Larger breeds typically have birds that are highly intelligent creatures that can perform tricks, mimic sounds, solve puzzles, and entertain people with their antics. They make great companions if you enjoy energetic and talkative pets. 

Just as much, they can be quite loud and cocky, especially when bored. So you must stick to their routine as much as possible to avoid ruckus.

Below are summaries of each large bird type, and some traits to consider if you plan on taking them with you to your RV lifestyle: 

Blue and Gold Macaw 

You can tell these are common pet birds mainly from their appearance. They are known to have a big attitude and love for attention. They can produce loud ear-piercing sounds when startled or scared, but they can also do so for other reasons.

Amazon Parrot

These can be categorized as medium-sized parrots that are known for being the “life of the party”. They are bold and comical. Just like the blue and gold macaw, they love being the center of attention.

Severe Macaw

Severe macaws are the largest of the mini macaws. They pack in lots of personalities, enabling them to show off tricks and speech abilities. They are quite easy-going and are curious creatures. They love puzzles and games, which might mean packing lots of toys for you.

Triton Cockatoo

Loud but loyal is how you can describe a triton cockatoo. They are pretty committed to their humans but can have a loud voice and have a preference for screaming, something to ponder on before taking them with you on your RV adventures.

Scarlet Macaw 

This bird type is known to be sassy, energetic, and highly intelligent. For the same reason, they also make great escape artists, so make sure you have a spacious cage with sturdy locks.

African Grey Parrot 

African grey parrots may be the least colorful in the bunch, but what they lack in color they make up for with extreme intelligence, tagging them as “Einsteins of the Bird World.” They can talk and mimic sounds as well.

Specific Considerations for Smaller Birds

Compared with large parrots, smaller parrots are more reserved. But they require cages as big as large parrots since most of their types can be housed together. It is important to consider the space when setting up the cage in your RV. Avoid settling for small cages, which can impact the birds’ standard of living. 

Below are summaries of each small bird type, and some traits to consider if you plan on taking them with you to your RV lifestyle: 

Smaller Parrots

Cockatiels

These are the most popular companion birds among the bunch. They have a colorful appearance that can easily catch anyone’s attention. They are curious as much as they can be feisty. And they are known to be talented whistlers. They are playful and flighty, so they require a large cage with plenty of toys in it. Outside their cage, cockatiels are big snugglers. If they have a love language, these are physical touch and quality time. They also love to forage, so feel free to leave treats at the bottom of their cage.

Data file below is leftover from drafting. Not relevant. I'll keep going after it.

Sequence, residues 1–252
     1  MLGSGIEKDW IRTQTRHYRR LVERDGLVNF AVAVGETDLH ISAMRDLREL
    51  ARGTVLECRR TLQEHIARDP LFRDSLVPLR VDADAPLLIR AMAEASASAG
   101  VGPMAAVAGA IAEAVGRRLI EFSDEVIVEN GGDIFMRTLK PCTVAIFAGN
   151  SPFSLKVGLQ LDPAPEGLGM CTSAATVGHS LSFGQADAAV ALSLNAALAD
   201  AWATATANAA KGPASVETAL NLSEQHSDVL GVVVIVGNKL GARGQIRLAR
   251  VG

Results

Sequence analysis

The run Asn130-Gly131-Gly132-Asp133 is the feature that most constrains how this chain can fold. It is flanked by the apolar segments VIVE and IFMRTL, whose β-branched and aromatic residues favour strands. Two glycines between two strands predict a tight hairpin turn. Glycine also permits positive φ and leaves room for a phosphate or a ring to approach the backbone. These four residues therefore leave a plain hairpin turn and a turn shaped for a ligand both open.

Love Birds

Love birds are known for their strong pair bonds. You can house a couple of pairs in one cage, which is why they require a large space. Unbeknownst to many, they are strong chewers, so choose toys that are sturdy and sustainable for long term use without causing hazards.

Parakeets (Budgies)

Budgies are known to be “beginner birds”. They are easy to care for, making them great pets if you are just starting to explore domestic birds. They are ground feeders and love to feed on seeds and plants. They are quite playful and have the same talking ability as large parrots.

Caged Birds

Caged birds are typically hands-off pets. Unlike large and small parrots, they enjoy their own space and minimize social interactions as much as possible. The two common types of caged birds are finches and canaries.

Finches

Finches are quiet creatures. They do not talk and prefer hands to be off of them. On a good note, they can perform aerial antics. They prefer to stay in their cage as they are not snugglers. It is best to get them a large cage since they would be spending most of their time there. Overall, finches are ideal if you want a pet bird but with fewer demands than parrots.

Canaries

The Canaries look reserved and sweet, mainly because of their small size, but they are actually territorial when it comes to their space. Each canary requires its own cage. On the other hand, they are great singers and can belt out lovely tunes during your travels.

Bird Travel Essentials

Listed are the travel essentials your bird needs to make transitioning to RV lifestyle easier:

Cage

This is where they will spend most of their time while you are traveling. Ensure it has sufficient space for them to move around in, perch, and sleep comfortably.

Plastic pet carrier

This comes handy for moving your pet bird outside the RV in case of emergencies.

Toys